Inflation turns positive in July at 0.1%

18th August 2015


Inflation turned positive in July, with the Consumer Prices Index increasing to 0.1% from  0% in June.

The Office for National Statistics put the change down to a slowdown in the fall in clothing prices.

CPI has been nearly flat over the past six months, although it turned negative in April for the first time since 1960.

Ben Brettell, senior economist, Hargreaves Lansdown, says: “The key figure in today’s inflation data was not the headline CPI rate, but the surprise jump in core inflation. This figure, which strips out volatile components like food and energy, jumped sharply to 1.2%, confounding expectations for it to remain flat at 0.8%.

“The largest contribution to the increase came from clothing and footwear, with retailers discounting far less heavily than at the same time last year.”

Brettell adds: “The rise in the core figure suggests that underlying inflationary pressures could be building in the economy, and is possibly the clearest indication yet that the Bank of England might have to raise interest rates sooner rather than later.

“Currency markets seem to agree – sterling jumped around a cent against the dollar, and almost a cent against the euro immediately after the figures were released.”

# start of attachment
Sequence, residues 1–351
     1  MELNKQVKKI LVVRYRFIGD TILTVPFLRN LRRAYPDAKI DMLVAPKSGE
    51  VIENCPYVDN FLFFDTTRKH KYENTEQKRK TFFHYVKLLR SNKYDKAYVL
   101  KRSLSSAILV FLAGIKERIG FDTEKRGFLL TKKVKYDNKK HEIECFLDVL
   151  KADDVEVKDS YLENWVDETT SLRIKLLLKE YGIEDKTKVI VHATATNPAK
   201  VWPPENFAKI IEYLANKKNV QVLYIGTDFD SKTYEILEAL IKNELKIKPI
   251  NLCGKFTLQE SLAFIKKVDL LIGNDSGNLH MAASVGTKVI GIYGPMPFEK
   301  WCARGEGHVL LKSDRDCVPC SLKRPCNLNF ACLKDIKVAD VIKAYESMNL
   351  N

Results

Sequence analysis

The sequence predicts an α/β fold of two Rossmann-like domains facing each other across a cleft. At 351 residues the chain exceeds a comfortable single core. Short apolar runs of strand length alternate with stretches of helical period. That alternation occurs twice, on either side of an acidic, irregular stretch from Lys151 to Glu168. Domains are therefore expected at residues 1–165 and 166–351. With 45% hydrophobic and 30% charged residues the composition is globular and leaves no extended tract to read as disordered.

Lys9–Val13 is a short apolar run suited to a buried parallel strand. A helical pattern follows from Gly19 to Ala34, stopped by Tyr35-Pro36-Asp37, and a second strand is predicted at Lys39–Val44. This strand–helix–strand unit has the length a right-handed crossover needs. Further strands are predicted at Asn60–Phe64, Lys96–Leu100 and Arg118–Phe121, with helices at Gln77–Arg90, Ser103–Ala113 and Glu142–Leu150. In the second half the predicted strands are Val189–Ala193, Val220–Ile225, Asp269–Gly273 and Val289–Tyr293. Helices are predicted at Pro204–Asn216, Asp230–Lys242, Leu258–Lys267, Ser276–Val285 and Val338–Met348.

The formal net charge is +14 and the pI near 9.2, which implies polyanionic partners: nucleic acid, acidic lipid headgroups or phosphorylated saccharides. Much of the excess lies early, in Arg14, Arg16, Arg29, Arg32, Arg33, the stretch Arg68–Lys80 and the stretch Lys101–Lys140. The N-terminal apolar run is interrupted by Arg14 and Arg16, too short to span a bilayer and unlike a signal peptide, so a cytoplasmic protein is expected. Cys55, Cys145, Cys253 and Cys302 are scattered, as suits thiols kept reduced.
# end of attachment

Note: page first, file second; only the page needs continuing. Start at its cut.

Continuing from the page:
Brettell explains that the headline CPI rate of only 0.1% is largely driven by a factor outside of the central banks’ control, namely the oil price. Recent further falls mean that it could depress the headline rate of inflation well into next year.

However, he warns that policymakers know this is ultimately a temporary factor, and as such are increasingly looking at the core measure when deciding whether higher interest rates are appropriate.

“Today’s numbers will increase speculation over a rate rise later this year. Possible, but not probable is my view. It will take some time for more MPC members to be persuaded to vote for higher rates, and I still think early 2016 is more likely.

“Thereafter the path of rate rises is likely to be a slow incline, and it wouldn’t surprise me to see them stuck on 0.75% for some time,” he says.

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